Coalition: a system of government that adds one intellect to another and gets a half-wit as a result
I want finger extensions ... then I can play this darned guitar properly!
It's kinda funny that someone like me who used to be quite obsessed with HD performance (I was very specific about having a top of the end 10k RPM SCSI on my first desktop), care so little nowadays. Then again, I do spend a lot less on PC bits than I used to. For a start, I am mainly on laptop, and on a limited budget I'd prioritise GFX card over HD. I do not game as much, but when I *do* game, I'd rather being able to run native resolution (1080p) with reasonable details, than shaving off loading time.
When SSD started picking up some momentum, I was interested enough to track the cost (Tracking SSD costs).
But the price didn't drop fast enough on my watch and I just lost interest. Now I have no idea what brand/controller is in the entry/mid/high end (is it still about SandForce vs Intel?), how they compare to the drives from 2 years ago. It does look like prices have finally broken past that £1/GB psychological barrier. I can see how the "average enthusiasts" are happy to buy them now .. but I guess that my enthusiasm nowadays is below average. There are other things I'd rather spend my money on I suppose.
But still, even for a 60GB (-ish) drive, we're looking at of the order of £70, or a bit more/less depending on the drive.
So what do I get for my £70?
Boot times? Don't care, for reasons given earlier.
Faster app-loading? Well, the apps I use regularly (like Office, etc) load automatically on boot, due to being in the startup group, so .... don't care.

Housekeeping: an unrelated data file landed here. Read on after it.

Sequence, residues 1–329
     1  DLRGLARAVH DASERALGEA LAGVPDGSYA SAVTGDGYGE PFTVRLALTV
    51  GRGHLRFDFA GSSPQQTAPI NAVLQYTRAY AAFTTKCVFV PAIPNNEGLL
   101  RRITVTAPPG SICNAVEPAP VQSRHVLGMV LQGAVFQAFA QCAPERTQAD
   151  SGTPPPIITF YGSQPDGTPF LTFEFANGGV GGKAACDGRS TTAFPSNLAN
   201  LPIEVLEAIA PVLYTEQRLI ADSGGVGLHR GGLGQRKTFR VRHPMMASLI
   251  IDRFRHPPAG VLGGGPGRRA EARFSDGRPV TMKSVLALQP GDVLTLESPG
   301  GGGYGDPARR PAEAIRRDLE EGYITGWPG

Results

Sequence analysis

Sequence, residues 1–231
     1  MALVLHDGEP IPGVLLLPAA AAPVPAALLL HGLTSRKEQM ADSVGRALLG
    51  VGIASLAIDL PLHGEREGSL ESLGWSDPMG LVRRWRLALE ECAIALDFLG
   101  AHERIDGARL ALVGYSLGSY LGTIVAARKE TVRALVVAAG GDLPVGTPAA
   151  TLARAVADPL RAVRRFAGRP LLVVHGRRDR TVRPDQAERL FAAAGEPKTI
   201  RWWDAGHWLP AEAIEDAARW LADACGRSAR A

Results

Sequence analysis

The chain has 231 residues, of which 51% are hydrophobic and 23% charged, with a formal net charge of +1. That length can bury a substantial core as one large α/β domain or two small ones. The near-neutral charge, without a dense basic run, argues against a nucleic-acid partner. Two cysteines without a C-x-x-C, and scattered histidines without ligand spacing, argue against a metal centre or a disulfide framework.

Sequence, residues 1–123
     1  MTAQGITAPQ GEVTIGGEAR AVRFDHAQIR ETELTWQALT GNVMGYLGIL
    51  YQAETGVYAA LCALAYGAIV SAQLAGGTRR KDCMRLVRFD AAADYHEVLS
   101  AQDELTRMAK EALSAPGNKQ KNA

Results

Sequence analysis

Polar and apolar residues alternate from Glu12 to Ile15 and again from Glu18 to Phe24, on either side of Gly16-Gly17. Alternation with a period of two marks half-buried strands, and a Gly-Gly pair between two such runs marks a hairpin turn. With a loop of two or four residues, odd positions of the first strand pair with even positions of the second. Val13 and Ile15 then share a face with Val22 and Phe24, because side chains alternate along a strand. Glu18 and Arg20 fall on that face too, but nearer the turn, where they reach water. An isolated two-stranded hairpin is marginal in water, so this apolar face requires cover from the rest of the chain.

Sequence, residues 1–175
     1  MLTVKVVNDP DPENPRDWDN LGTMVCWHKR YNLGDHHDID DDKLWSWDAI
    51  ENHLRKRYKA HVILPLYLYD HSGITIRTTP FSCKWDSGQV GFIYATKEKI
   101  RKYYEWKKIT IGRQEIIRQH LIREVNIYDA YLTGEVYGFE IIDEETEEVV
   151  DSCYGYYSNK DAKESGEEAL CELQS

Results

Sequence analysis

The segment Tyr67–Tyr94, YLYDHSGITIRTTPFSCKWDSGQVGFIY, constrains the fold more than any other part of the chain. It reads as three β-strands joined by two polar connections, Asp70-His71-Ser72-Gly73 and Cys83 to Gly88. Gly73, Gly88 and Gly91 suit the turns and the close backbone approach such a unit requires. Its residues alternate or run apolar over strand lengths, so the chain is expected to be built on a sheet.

Game level loading? Don't play that many games, and certainly not on my "fast" machine. And even that only has a Radeon 3870 which, while fine for my needs, isn't exactly a speed demon by modern standards.
Which pretty much leaves a "general feel" of snappiness. £70 for that? I don't think so.
At £25, maybe, At £70 ... well, there's a list of things I'd rather spend it on.
And that, ultimately, is the problem. It's a combination of cost-benefit analysis and opportunity cost, and combined, they don't bode well for me getting an SSD any time soon .... unless the unexpected happens.
Noli nothis permittere te terere.
I have a 80GB Kingston SSD. I use it as my C: drive for installing games, programs.
I also have a 1TB Samsung F3 HDD split into two paritions - D: for Documents / Pics/ Videos/ Music of everyone who use my PC and a E: drive for storage of Setup packages.
Windows does load very fast with a SSD and games do feel fast.
I've added RAM, faster CPUs etc in the past, and not really noticed much difference,
SSD is apparent on daily use, I can tell as soon as I start using a PC if there's on in it.
They really should be on every PC
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